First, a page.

Obviously lots of people have solved this problem before, but my situation was unique enough that many options were off the table. I had a few requirements:
- My home directory (primaries) is encrypted with Ubuntu's TrueCrypt setup, the documents I want to back up the most are financial in nature, and so I wanted my backups always encrypted on disk.
- I want snapshotted backups so that I was resilient against hardware failures, but also from rm -rf stupidity.
- However, I did not want to simply store a series of diffs as that would make recovery more complex and I want recovery to be simple.
- Still, I wanted efficiency and speed so I wasn't choking my internal network at various points in the day.
Most importantly though, I wanted to understand exactly how my backup system works and what it's doing. Rather than trust some other code that I didn't understand and couldn't tweak, I wanted to roll my own. Most folks do this with shell scripts, cron, and rsync. I wanted to do something similar, but since my shell-foo is abysmal, I decided on python.
If this is useful to anyone else, I've shared my code. The script has two modes controlled by arguments: backup and snapshot
- Optionally tries to mount a path which should be set up in /etc/fstab. In my case, this is NFS.
- Mounts an encrypted filesystem at /mnt/.../current/
- Rsyncs a series of files and paths to /mnt/.../current/
- Optionally unmounts the encrypted filesytem.
Makes up to N periodic snapshots of the encrypted files at one of several frequencies. For example, it might be configured to keep 24 hourly snapshots, 7 daily snapshots, 4 weekly snapshots, and 3 monthly snapshots. Any number of snapshots can be kept at any frequency.
The snapshots are taken of the encrypted files, not from the decrypted filesystem. As a result, you can run the snapshots directly on the remote backup system, I run it on my NAS. It works just fine if you run it locally as well.
Both modes are managed using a .backuprc file in the user's home directory. For example, mine looks something like this:
The python source, an example .backuprc and an example crontab are all found over here on github.# Optional, log all events LOG_FILE /home/greg/logs/backup.log # Optional, we try to mount this path first. Failures halt execution. PRE_MOUNT /mnt/backup/ # Required, password and mount point for encrypted/decrypted file # systems. The password can be in plaintext since this file is stored # on an encrypted filesystem anyway. We aren't going for paranoid. ENCFS_PASSWORD AddYourOwnPasswordHere ENCRYPTED_MOUNTPOINT /mnt/backup/desktop/ # This is where we will write files unencrypted. Must be empty, must # not be mounted already. DECRYPTED_MOUNTPOINT /mnt/encryptedbackup/ # Required, rsync flags. RSYNC_FLAGS -CRa --delete # Number of snapshots. Format: [type=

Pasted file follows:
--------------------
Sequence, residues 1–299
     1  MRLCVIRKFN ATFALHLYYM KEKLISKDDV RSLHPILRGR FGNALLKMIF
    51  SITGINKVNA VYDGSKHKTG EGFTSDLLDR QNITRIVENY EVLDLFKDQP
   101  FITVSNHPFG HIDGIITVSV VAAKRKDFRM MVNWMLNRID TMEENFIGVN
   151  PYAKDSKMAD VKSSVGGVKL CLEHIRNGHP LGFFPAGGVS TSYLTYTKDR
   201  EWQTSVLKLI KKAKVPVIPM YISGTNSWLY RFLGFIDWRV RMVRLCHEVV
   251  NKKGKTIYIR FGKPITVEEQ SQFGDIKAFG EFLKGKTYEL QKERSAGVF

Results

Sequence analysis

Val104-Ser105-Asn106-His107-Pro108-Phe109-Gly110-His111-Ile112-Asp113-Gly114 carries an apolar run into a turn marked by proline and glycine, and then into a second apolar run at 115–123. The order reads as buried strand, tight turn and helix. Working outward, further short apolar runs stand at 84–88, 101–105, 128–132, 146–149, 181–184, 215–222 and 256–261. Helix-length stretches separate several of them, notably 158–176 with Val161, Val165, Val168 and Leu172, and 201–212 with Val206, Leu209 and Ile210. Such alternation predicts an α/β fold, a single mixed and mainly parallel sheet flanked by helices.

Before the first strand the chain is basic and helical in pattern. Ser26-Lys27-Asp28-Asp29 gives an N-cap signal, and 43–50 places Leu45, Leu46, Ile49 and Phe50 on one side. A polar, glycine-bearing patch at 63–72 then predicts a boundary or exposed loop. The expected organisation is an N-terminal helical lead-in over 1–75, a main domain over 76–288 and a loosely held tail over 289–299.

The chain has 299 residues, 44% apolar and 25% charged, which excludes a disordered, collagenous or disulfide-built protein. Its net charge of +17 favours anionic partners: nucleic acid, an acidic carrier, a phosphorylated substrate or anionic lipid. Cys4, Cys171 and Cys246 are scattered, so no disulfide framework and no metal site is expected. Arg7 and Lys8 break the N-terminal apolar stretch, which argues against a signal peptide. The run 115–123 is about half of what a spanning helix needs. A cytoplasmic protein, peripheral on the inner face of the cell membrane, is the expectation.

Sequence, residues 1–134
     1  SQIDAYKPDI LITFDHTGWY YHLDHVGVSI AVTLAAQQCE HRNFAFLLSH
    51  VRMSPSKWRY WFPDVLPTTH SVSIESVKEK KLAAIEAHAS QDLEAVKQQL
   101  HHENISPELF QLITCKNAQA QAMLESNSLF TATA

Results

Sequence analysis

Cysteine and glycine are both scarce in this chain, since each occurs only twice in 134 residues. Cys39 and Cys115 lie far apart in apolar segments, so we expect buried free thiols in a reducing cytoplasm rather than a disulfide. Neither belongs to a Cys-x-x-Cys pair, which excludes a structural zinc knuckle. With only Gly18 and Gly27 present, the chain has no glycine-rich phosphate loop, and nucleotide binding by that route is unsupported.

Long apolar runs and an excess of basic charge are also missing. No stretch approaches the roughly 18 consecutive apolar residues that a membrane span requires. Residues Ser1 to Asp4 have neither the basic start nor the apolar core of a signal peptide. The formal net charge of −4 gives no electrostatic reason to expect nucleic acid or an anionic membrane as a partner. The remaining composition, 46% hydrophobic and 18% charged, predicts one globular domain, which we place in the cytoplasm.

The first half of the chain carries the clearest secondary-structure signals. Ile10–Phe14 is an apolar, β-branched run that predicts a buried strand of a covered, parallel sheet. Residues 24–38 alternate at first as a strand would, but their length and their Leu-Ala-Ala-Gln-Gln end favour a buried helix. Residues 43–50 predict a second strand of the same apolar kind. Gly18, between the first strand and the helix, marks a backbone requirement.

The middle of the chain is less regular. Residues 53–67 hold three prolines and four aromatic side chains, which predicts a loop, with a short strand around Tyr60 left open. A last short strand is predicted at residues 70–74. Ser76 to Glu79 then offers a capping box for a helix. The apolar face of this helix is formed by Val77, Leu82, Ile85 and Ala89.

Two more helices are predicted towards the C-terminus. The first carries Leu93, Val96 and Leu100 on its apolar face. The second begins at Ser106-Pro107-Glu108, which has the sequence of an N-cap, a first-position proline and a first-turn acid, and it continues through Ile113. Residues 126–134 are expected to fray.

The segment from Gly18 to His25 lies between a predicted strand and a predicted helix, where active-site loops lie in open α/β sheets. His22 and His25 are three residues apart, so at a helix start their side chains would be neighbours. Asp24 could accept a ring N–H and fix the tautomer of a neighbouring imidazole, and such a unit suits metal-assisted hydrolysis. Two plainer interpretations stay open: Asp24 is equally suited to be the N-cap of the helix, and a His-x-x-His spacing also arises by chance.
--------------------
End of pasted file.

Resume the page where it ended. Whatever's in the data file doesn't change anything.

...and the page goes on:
,...] e.g. hourly=12,daily=7 SNAPSHOTS hourly=12,daily=7,weekly=2,monthly=1 # List of file paths to rsync. Any line that doesn't contain a space is # a file path. Paths can be filenames or directories. This is simply # the argument passed to rsync. As a result, you can use rsync features # like adding a "./" directory to tell rsync which components of the # path to sync over. /home/greg/./.heartbeat /home/greg/./src/ /home/greg/./financial/ /home/greg/./picasa/
Some other helpful resources I came across while putting this together:
ReadyNas Root Access Add On
Install Python2.6 on a ReadyNas NV
RBackup - Diff based backups with python
The ultimate guide to rsync backups
How to set up encfs for use with rsync